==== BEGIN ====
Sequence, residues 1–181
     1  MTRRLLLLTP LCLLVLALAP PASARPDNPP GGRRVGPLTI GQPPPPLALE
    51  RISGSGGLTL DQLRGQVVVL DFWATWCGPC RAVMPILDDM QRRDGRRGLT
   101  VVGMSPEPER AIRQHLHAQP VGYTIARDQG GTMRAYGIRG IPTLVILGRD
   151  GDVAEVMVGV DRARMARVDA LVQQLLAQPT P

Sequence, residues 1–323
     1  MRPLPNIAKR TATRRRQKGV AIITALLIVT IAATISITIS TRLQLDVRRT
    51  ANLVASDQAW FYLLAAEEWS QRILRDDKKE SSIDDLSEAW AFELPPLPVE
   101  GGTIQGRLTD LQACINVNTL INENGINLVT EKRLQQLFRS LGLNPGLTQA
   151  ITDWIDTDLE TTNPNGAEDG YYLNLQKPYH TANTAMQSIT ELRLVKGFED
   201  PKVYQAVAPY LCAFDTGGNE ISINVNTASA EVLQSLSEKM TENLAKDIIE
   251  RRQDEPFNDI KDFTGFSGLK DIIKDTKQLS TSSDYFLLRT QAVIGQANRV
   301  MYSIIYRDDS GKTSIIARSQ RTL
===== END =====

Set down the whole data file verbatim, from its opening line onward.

Sequence, residues 1–181
     1  MTRRLLLLTP LCLLVLALAP PASARPDNPP GGRRVGPLTI GQPPPPLALE
    51  RISGSGGLTL DQLRGQVVVL DFWATWCGPC RAVMPILDDM QRRDGRRGLT
   101  VVGMSPEPER AIRQHLHAQP VGYTIARDQG GTMRAYGIRG IPTLVILGRD
   151  GDVAEVMVGV DRARMARVDA LVQQLLAQPT P

Sequence, residues 1–323
     1  MRPLPNIAKR TATRRRQKGV AIITALLIVT IAATISITIS TRLQLDVRRT
    51  ANLVASDQAW FYLLAAEEWS QRILRDDKKE SSIDDLSEAW AFELPPLPVE
   101  GGTIQGRLTD LQACINVNTL INENGINLVT EKRLQQLFRS LGLNPGLTQA
   151  ITDWIDTDLE TTNPNGAEDG YYLNLQKPYH TANTAMQSIT ELRLVKGFED
   201  PKVYQAVAPY LCAFDTGGNE ISINVNTASA EVLQSLSEKM TENLAKDIIE
   251  RRQDEPFNDI KDFTGFSGLK DIIKDTKQLS TSSDYFLLRT QAVIGQANRV
   301  MYSIIYRDDS GKTSIIARSQ RTL